Looking at Southern Illinois University’s football scores last year, it’s obvious where the Salukis need improvement.
The defense yielded an average of 40.7 points per game last year. Ole Miss lit up the Salukis for 76 and North Dakota State torched SIU for 65. South Dakota State (57) and Illinois State (51) also posted some serious numbers.
Granted, college football is becoming an offensive game. Teams now average more than 30 points per game. But, the SIU defense gave up more than 30 points on seven occasions last year.
In the meantime, the SIU offense was, well, average. The Salukis scored 30.5 points per game.
Vince Lombardi was wrong. Dead wrong.
SIU returns with two of the best defensive players in the conference in safety Jeremy Chinn and lineman Anthony Knighton. Several other returnees had solid seasons last year, and injuries, particularly in the backfield, were an issue.
Still, there is no sugar-coating it, the Saluki defense will have to improve considerably just to reach the .500 mark. As always, the Missouri Valley Football Conference is expected to be stacked. The Salukis were picked ninth in a 10-team field.
Throw in a pair of FBS games, UMass and Arkansas State, and Nick Hill is facing an uphill climb in his fourth season. Certainly, UMass and Arkansas State aren’t SEC teams, but SIU will have its hands full this year.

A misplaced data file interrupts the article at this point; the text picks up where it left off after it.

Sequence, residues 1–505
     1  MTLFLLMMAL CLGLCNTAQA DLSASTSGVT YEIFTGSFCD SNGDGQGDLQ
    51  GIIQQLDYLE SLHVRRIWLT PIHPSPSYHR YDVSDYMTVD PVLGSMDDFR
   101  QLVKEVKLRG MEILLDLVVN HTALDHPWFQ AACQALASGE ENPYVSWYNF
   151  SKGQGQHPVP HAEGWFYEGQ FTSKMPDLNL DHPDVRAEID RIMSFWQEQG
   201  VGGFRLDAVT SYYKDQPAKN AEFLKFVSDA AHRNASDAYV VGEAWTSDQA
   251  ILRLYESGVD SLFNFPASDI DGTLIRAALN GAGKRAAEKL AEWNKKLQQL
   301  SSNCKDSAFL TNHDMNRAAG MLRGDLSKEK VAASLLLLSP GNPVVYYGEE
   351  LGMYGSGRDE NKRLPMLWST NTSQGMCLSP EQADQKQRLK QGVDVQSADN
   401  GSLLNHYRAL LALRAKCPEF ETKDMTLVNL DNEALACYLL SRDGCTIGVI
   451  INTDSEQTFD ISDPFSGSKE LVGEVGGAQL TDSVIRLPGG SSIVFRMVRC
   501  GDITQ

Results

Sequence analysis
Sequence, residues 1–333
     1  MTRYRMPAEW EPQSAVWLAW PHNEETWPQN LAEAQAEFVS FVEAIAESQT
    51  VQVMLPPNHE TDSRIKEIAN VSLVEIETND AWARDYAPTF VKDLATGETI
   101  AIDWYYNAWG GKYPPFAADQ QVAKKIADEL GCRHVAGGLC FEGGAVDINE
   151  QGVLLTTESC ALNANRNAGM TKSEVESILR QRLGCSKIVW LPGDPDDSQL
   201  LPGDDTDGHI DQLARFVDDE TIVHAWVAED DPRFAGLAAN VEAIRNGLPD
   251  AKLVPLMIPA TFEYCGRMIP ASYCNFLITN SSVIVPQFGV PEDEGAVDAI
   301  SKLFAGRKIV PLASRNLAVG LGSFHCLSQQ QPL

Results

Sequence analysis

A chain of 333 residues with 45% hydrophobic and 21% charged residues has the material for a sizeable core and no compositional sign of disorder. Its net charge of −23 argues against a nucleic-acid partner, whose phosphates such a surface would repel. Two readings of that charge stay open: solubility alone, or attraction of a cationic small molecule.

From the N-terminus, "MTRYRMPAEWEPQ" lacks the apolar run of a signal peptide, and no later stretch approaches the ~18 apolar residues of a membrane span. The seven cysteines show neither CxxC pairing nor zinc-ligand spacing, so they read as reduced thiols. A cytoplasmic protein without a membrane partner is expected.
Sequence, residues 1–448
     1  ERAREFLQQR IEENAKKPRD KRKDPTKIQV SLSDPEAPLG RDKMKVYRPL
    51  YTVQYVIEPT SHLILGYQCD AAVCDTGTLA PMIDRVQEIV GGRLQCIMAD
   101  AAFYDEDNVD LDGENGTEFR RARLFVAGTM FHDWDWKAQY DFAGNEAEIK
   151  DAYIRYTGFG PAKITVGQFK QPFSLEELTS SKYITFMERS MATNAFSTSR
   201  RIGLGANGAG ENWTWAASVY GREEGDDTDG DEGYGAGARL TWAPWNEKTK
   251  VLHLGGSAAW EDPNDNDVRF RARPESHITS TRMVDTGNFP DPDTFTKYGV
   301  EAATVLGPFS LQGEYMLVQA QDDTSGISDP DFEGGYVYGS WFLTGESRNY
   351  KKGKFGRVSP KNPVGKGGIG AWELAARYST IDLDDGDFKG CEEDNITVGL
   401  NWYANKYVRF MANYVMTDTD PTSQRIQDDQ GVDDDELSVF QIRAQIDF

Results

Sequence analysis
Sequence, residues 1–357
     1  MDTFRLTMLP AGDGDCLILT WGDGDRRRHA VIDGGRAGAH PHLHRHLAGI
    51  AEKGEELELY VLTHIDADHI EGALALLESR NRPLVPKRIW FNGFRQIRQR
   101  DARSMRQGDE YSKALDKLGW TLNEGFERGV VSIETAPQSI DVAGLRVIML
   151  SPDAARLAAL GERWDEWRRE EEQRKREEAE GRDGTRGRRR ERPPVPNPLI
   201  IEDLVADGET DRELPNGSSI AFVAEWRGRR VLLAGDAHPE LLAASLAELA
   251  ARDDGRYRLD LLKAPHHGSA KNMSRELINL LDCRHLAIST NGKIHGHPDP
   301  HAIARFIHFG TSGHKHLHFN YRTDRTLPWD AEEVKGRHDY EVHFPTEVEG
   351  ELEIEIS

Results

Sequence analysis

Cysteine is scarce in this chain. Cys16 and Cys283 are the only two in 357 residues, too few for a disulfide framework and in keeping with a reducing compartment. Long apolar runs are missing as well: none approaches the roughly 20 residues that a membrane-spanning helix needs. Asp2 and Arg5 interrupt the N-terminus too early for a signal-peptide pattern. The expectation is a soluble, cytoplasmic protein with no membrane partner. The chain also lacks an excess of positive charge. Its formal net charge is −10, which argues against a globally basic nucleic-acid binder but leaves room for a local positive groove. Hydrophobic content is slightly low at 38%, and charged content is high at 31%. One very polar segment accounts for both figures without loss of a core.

One area that could really help the defense … the offense.
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Despite injuries and an ongoing quarterback battle, the Saluki offense managed to score consistently last year. SIU scored 24 points or more in seven of 11 games last year. And, the Salukis have a key weapon returning in D.J. Davis.
Davis, who is listed at 5-foot-8 and 168 pounds, was remarkably resilient last year. Despite his slight frame, he got 178 carries last year, lugging the football for 1,118 yards. It marked the first time in six seasons SIU had a 1,000-yard rusher.
Davis’ high-water mark was 201 yards against South Dakota State. Western Illinois held him to just 18.
With Matt DeSomer at the reins late last year, the Salukis morphed into more of a running team. And, that may be just the personality the Salukis need this season. Given the defensive struggles, Davis plugging away and moving the chains regularly would minimize the time the defense spends on the field.
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Unfortunately, time of possession and clock management have become passe. The game is about scoring often, scoring fast and scoring now. Unless the SIU defense undergoes a remarkable transformation, the Salukis will want to maintain possession as much as possible.
With DeSomer and Sam Straub both gone, the Salukis will have a new look at quarterback this year. It seems like an excellent opportunity to establish a strong ground game.
The Saluki season begins Aug. 29 at Southeast Missouri State. SIU dropped a 48-44 decision to the Redhawks last year. It seemed like a bad loss at the time, but the Redhawks advanced to the playoffs and finished 9-4.
With that in mind, opening night should provide a realistic look at the season.